Pretty, idyllic country scenes across which touch- or tilt-sensitive figures glide give this unabridged version of the tale a cozy, slightly antique look.
Though still a bit long and deliberately paced for modern audiences with short attention spans, Andrew Lang’s century-old rendition of the Andersen fable is at least less bedizened with precious verbiage than the Danish original and its many more exact translations. The newly created art is bright and naturalistic, with sweet touches like bonnets for the mother ducks and—despite a reference to his “long naked neck”—a uniform covering of silky down on the gracefully posed new hatchling. Though text so nearly fills the 28 screens that often the opaque waterfowl and other animal characters cover large portions, the obstructions can be temporarily moved aside or even offstage easily enough with a fingertip or tilt. There is no audio narration, but along with a short loop of piano-led orchestral music (which can be switched off when it becomes tedious) and some automatic sound effects, tapping many of the figures sets off volleys of chirps, squawks, quacks, giggles and, for the swans, chimes.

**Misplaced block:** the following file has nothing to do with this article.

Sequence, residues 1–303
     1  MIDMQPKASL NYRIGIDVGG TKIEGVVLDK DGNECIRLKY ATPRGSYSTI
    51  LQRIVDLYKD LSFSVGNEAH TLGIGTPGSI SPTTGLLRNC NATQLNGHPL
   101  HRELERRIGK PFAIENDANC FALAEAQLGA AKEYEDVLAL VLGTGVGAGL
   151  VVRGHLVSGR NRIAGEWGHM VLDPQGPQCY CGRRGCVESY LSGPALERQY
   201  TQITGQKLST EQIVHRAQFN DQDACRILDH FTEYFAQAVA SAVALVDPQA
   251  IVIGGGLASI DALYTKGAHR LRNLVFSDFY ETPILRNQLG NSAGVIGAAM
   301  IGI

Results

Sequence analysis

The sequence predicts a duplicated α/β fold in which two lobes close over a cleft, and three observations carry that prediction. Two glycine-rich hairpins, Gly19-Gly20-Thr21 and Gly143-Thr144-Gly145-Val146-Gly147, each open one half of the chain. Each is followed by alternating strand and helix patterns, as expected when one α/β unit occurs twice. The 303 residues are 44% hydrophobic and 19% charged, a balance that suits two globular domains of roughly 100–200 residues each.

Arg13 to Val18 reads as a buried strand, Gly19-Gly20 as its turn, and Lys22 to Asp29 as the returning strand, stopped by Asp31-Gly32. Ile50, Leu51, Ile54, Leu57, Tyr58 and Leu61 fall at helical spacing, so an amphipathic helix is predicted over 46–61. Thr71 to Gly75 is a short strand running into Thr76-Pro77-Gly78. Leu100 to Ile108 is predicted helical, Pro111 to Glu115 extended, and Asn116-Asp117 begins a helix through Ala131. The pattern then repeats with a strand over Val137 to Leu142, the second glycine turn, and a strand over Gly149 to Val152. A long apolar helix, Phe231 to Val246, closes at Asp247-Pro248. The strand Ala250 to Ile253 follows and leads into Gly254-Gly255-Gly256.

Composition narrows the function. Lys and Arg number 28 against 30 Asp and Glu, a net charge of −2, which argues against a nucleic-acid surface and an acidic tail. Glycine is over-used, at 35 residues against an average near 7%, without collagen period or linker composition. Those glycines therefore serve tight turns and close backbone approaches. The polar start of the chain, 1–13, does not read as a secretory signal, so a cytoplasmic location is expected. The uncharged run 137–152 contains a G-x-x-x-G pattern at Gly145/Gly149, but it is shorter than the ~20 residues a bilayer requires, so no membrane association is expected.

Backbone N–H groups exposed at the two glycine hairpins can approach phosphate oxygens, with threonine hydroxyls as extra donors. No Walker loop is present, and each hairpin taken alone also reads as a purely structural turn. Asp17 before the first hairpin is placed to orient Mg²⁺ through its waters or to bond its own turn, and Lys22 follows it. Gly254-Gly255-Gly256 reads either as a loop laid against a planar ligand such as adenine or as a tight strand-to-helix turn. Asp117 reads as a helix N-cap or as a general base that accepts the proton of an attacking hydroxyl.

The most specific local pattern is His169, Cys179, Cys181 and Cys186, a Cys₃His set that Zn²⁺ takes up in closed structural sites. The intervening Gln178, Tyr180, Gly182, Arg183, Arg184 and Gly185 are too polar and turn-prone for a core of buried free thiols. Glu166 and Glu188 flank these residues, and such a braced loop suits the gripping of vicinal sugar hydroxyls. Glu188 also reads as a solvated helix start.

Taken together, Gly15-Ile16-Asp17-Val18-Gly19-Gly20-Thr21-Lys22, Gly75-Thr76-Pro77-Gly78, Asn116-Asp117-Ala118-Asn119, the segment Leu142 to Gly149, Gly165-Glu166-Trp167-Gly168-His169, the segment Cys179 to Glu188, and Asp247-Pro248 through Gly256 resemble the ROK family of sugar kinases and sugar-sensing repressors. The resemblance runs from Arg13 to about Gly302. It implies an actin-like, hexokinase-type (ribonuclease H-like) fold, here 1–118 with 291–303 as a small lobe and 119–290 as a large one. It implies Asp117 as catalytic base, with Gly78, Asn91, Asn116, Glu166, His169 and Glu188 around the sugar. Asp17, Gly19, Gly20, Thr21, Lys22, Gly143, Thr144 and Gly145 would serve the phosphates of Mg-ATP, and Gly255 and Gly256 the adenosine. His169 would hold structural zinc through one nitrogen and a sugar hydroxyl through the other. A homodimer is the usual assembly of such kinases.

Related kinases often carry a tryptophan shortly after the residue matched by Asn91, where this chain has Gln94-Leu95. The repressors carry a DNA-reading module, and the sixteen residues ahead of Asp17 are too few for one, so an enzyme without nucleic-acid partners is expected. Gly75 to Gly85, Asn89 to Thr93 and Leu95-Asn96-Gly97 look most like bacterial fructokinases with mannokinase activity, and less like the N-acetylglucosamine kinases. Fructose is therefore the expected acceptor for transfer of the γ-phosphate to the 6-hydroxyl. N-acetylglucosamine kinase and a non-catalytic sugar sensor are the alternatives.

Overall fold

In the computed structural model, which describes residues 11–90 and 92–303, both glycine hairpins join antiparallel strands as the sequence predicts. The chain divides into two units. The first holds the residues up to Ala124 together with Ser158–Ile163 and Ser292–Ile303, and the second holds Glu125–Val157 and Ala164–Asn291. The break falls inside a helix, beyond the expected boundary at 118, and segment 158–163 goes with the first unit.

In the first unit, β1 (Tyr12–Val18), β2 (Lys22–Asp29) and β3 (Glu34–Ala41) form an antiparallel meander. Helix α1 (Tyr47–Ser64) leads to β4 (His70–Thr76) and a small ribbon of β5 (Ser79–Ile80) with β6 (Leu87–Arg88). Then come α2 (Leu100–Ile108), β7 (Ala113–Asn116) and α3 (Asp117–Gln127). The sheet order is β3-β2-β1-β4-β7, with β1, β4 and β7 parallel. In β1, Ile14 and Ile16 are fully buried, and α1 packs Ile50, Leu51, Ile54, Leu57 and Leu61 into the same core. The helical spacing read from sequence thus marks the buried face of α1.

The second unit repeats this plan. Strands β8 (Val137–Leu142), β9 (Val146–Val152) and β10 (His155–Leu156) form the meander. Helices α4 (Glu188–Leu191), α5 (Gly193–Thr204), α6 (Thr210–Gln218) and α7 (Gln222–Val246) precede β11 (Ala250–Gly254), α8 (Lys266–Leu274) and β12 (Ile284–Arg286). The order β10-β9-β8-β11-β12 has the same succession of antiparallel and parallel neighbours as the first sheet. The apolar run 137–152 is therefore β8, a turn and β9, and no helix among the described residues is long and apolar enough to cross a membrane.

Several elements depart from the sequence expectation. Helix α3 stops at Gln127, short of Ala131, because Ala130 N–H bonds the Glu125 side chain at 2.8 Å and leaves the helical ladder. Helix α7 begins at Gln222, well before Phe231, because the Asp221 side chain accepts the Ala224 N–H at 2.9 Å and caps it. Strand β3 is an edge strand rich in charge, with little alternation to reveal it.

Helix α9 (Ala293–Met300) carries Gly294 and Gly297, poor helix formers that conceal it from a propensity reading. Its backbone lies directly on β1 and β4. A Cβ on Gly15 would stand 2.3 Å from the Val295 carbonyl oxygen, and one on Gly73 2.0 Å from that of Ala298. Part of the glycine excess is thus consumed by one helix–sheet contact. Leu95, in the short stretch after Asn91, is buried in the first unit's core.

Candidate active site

Well suited for a sustained read-aloud, it is neither stiffly formal nor as mannered or cartoony as the flock of other online editions. A mention of the author and translator somewhere would have been nice, though. (iPad storybook app. 6-9)